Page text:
NEW YORK Domestic airlines improved their on-time arrival rates in May, although more than one in five flights still failed to get passengers to their destination as scheduled, according to government data released Monday.
A total of 21 percent of commercial flights in the U.S. arrived at least 15 minutes late, were canceled or diverted in May, according to the Transportation Department's Bureau of Transportation Statistics.
That is down from more than 22 percent of late flights in the same month last year and in April 2008. The previous month's figure was higher in part because AMR Corp.'s American Airlines, the nation's largest carrier, was forced to ground thousands of flights amid tighter government scrutiny of maintenance issues.
For the third month in a row, American ranked last in on-time service. Passengers on just over two-thirds of the Fort Worth, Texas-based carrier's flights 67.3 percent got to their destinations on time in May.
"Unfortunately, the main reasons include weather and significant (air-traffic control) delays at three of our main network operating areas" in Chicago, New York, and Dallas-Fort Worth, as well as in Miami, American spokesman Tim Smith said in an e-mailed statement.
UAL Corp.'s United Airlines, the second-largest carrier, which reported 72.4 percent of arrivals were on time, and Continental Airlines Inc., with 75.4 percent, rounded out the bottom of the on-time list.
Hawaiian Airlines was able to stick closest to its timetable, delivering passengers as scheduled 88.9 percent of the time. The carrier, a division of Hawaiian Holdings Inc., avoids many of the nation's most delay-prone airports, however, reporting flights to just 14 destinations.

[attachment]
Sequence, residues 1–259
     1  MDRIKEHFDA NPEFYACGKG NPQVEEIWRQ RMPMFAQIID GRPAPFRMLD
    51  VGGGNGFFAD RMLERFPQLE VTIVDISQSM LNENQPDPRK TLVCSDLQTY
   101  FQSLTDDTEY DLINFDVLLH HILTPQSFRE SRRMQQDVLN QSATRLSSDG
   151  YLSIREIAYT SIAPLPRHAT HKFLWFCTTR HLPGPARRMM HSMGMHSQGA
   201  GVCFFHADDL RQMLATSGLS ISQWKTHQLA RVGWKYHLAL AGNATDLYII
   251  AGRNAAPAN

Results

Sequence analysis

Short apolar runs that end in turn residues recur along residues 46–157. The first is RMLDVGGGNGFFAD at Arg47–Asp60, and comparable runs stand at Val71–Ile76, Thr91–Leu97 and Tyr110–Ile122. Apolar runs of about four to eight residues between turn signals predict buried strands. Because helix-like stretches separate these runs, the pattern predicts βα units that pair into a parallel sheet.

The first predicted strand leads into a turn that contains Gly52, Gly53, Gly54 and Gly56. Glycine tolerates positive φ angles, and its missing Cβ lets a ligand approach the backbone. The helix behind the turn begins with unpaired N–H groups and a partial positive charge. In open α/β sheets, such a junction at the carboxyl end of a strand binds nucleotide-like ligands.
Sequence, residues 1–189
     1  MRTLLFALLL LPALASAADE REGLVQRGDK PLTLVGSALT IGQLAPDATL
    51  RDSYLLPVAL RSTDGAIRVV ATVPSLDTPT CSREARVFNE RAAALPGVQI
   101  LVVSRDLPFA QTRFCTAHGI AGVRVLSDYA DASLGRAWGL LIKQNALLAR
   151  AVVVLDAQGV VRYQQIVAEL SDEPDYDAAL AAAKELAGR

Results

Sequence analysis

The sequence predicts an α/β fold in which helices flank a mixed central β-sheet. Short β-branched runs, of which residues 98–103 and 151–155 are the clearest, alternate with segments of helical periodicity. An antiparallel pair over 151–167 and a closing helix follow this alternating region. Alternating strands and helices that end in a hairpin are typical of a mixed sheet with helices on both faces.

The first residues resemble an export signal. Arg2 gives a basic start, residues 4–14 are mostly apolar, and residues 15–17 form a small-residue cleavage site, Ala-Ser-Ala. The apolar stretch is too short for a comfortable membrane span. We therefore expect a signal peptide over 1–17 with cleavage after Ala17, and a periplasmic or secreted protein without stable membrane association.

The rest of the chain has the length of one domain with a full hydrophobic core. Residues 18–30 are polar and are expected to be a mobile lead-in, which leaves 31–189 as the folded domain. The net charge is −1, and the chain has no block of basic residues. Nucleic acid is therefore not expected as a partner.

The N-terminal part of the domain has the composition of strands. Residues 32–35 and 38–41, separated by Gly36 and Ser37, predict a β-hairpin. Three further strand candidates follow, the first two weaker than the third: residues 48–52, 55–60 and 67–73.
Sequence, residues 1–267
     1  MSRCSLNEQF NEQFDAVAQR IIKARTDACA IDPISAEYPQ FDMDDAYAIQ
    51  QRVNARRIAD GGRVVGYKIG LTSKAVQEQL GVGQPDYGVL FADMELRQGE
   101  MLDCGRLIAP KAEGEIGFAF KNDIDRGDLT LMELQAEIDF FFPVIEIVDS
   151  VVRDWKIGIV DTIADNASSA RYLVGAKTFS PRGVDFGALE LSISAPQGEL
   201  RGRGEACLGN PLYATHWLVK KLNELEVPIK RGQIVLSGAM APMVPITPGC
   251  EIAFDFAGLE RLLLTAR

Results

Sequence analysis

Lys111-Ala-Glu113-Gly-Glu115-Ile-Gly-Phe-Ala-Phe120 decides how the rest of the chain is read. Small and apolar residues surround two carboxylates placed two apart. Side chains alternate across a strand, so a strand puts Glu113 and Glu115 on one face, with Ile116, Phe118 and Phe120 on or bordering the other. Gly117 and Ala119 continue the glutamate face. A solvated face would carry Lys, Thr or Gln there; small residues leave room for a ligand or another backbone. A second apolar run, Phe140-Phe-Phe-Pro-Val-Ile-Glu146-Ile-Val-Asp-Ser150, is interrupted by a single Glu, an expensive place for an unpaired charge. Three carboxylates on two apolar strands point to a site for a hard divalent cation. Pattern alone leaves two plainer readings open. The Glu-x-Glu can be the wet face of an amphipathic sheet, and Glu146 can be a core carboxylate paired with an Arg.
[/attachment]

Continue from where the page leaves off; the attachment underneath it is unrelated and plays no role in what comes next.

The New York area continues to account for some of the worst delays. New York's LaGuardia and Newark Liberty International in New Jersey swapped places to rank second to last and last among major airports. Fewer than two-thirds of passengers at either airport arrived on time in May.
Weather was by far the biggest cause of late flights nationwide in May, accounting for just over 44 percent of all delays. Only about 39 percent of flights were late because of weather a year earlier.
U.S. carriers also improved their baggage handling in May. About 4.6 passengers out of every 1,000 reported a mishandled bag during the month, compared with nearly six per 1,000 a year earlier and five per 1,000 in April.
Reported passenger complaints fell to 885, compared with 930 a year earlier and 1,113 in April.
The U.S. airline industry is straining under record-high fuel prices, which have prompted many carriers to raise fares, announce sweeping flight cutbacks and begin charging for amenities such as checked bags and extra legroom.
Oil prices fell sharply Monday but nonetheless remain within range of last week's all-time highs. Light, sweet crude for August delivery fell $3.92, or about 2.7 percent, to settle at $141.37 on the New York Mercantile Exchange.